Ba,  Sirene, Owl




A little owl (Athene noctua - tytonidæ (Stri-giformes)), the symbol of the Athenian people


A SIREN IS PRESENTED AS A BIRD WITH A HUMAN HEAD. The earliest examples come, as with more symbols, from Egypt and in connection with the death cult. A bird with a human head symbolized there the soul, Ba or Baw of the dead and from there also the terrifying character that the siren can have in later interpretations.

Examples of sirens are found on Greek vases from the sixth century BC and it seems that the figure then spread almost exclusively in the Greek cultural area. On Greek tombstones they are presented as musicians and this is in line with the Homeric singing sirens.

Sirens appear in the chapter about the passage of Scylla and Charibdis in the Odyssey and they enchanted passing sailors with their singing so that they suffer shipwreck. Odysseus let himself be tied to the mast to be able to hear their singing, but he ordered his crew to close their ears with wax and not to loosen it, even if he ordered it. In this way he safely passed the Strait of Messina. The story becomes even more dramatic when one considers that with these Homeric sirens the whimpering souls from the

sailors drowned there can be meant who, because the ritual required by the Egyptian view that they would have had to reunite with their bodies had not been performed, could not find peace. Even more beautiful than the apparent jealousy of the sirens on their living colleague that they also want to destroy.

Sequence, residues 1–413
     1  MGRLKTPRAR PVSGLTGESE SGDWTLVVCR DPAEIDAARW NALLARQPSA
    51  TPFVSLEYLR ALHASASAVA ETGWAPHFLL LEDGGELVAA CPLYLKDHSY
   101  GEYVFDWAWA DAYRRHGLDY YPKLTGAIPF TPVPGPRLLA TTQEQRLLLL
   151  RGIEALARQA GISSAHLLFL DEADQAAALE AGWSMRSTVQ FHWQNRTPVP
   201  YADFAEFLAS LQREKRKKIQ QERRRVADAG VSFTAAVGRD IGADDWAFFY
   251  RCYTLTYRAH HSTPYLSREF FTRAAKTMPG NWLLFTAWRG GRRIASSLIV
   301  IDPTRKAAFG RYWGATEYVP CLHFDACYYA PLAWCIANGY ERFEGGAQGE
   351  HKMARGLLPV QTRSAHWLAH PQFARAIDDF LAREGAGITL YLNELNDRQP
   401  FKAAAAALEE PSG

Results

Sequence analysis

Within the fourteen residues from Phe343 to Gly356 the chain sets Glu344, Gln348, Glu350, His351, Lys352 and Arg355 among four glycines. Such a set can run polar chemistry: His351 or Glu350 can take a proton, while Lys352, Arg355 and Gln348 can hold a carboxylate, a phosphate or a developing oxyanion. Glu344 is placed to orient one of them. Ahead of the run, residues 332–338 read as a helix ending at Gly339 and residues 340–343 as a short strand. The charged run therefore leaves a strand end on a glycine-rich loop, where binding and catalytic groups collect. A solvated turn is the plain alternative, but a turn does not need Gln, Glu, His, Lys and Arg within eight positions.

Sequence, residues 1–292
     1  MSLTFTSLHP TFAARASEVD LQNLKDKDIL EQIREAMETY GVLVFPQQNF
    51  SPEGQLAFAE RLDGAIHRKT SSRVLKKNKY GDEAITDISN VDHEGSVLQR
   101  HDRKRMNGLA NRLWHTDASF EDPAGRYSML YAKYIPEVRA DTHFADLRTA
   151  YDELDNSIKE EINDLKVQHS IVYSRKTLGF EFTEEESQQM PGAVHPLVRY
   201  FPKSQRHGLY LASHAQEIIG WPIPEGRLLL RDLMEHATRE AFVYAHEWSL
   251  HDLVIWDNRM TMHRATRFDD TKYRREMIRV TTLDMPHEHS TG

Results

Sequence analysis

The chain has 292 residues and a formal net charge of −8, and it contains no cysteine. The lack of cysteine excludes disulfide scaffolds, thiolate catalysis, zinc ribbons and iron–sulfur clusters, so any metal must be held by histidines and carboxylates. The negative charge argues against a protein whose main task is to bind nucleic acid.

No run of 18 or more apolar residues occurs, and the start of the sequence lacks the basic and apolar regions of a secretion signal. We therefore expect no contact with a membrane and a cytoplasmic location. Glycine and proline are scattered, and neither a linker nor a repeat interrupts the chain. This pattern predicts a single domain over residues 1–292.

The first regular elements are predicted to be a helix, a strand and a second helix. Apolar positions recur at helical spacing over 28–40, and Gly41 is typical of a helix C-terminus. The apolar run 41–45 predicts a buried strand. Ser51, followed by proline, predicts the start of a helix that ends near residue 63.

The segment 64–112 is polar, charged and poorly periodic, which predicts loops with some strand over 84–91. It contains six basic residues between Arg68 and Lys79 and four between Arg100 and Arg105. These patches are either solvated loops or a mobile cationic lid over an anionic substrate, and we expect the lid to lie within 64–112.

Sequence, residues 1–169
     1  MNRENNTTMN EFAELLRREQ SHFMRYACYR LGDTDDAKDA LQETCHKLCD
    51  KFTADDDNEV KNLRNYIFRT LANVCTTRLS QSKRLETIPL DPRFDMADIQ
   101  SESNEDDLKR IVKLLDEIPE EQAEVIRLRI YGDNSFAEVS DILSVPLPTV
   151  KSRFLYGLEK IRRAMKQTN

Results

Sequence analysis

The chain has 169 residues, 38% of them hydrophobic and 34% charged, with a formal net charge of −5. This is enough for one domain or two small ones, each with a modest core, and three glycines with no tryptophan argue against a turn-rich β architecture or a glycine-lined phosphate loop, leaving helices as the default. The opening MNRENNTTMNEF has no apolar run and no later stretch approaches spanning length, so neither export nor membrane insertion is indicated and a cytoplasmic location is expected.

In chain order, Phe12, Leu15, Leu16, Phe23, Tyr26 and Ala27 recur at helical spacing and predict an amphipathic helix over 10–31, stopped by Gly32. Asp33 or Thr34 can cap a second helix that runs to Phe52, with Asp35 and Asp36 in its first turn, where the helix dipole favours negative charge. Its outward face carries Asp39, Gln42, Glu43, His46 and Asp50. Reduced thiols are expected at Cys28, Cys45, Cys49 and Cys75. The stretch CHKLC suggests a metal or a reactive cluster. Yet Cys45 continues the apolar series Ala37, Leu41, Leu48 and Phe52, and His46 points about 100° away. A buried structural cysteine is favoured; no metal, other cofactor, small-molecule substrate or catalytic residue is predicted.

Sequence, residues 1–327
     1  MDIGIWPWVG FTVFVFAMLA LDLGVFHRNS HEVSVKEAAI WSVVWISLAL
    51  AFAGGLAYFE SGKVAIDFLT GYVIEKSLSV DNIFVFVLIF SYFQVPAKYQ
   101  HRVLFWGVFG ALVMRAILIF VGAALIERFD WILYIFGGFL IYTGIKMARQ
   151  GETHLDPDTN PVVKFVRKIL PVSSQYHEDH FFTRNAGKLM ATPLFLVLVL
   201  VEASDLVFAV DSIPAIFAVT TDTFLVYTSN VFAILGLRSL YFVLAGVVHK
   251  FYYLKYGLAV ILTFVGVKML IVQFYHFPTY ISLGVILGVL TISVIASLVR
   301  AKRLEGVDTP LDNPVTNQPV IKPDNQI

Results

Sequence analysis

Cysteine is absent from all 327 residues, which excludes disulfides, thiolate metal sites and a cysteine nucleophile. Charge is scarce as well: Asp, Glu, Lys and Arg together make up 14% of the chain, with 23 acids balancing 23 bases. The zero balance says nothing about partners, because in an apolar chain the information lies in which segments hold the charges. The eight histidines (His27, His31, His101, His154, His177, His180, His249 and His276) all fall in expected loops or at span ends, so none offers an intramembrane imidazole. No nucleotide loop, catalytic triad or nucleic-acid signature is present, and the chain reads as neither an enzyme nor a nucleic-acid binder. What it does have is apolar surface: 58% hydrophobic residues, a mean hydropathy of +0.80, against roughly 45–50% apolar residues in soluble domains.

A connection between the Sirens and Sicily was later made by Ovid (43 BC - 17 AD) in his Metamorphoses, but he maintains a completely different and more profane view of the nature of these beings. Sicily was the place where Proserpina, the daughter of Ceres, was robbed by Pluto. At the robbery, Proserpina had been accompanied by the Sirens, the daughters of the river god Achelaus, and therefore no souls at all from the Egyptian point of view. Ovid then continues: But how did the daughters or Achelous come to have feathers and claws like birds, while retaining their human faces? Was it because these skilful singers were among Proserpine's companions, when she was gathering the spring flowers? And after seeking her in the world, they prayed that they might fly across the waves on beating wings, so that the seas, too, might know of their anxiety. The gods consented, and suddenly they saw their limbs covered with golden plumage. But in case those melodies that fell so sweetly on the ear should be silenced, if the maidens lost their tongues, and their rich gift or song denied expression, they retained the features of young girls, and kept their human voices. [1]